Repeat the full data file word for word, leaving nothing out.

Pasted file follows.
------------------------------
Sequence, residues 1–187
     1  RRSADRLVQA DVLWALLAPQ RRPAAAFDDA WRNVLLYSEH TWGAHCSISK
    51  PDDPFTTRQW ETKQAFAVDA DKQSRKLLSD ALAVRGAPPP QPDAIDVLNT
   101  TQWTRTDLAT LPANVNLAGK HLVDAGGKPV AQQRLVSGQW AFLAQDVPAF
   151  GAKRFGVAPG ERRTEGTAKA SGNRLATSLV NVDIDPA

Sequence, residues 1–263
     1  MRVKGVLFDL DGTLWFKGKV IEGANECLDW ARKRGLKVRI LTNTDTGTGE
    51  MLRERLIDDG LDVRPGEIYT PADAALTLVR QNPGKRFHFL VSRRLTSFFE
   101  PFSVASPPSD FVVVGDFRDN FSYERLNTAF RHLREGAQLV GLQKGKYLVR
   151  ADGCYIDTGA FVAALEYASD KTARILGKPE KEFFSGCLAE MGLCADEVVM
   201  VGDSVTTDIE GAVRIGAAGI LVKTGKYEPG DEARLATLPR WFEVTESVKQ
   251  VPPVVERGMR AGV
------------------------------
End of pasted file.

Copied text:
Sequence, residues 1–187
     1  RRSADRLVQA DVLWALLAPQ RRPAAAFDDA WRNVLLYSEH TWGAHCSISK
    51  PDDPFTTRQW ETKQAFAVDA DKQSRKLLSD ALAVRGAPPP QPDAIDVLNT
   101  TQWTRTDLAT LPANVNLAGK HLVDAGGKPV AQQRLVSGQW AFLAQDVPAF
   151  GAKRFGVAPG ERRTEGTAKA SGNRLATSLV NVDIDPA

Sequence, residues 1–263
     1  MRVKGVLFDL DGTLWFKGKV IEGANECLDW ARKRGLKVRI LTNTDTGTGE
    51  MLRERLIDDG LDVRPGEIYT PADAALTLVR QNPGKRFHFL VSRRLTSFFE
   101  PFSVASPPSD FVVVGDFRDN FSYERLNTAF RHLREGAQLV GLQKGKYLVR
   151  ADGCYIDTGA FVAALEYASD KTARILGKPE KEFFSGCLAE MGLCADEVVM
   201  VGDSVTTDIE GAVRIGAAGI LVKTGKYEPG DEARLATLPR WFEVTESVKQ
   251  VPPVVERGMR AGV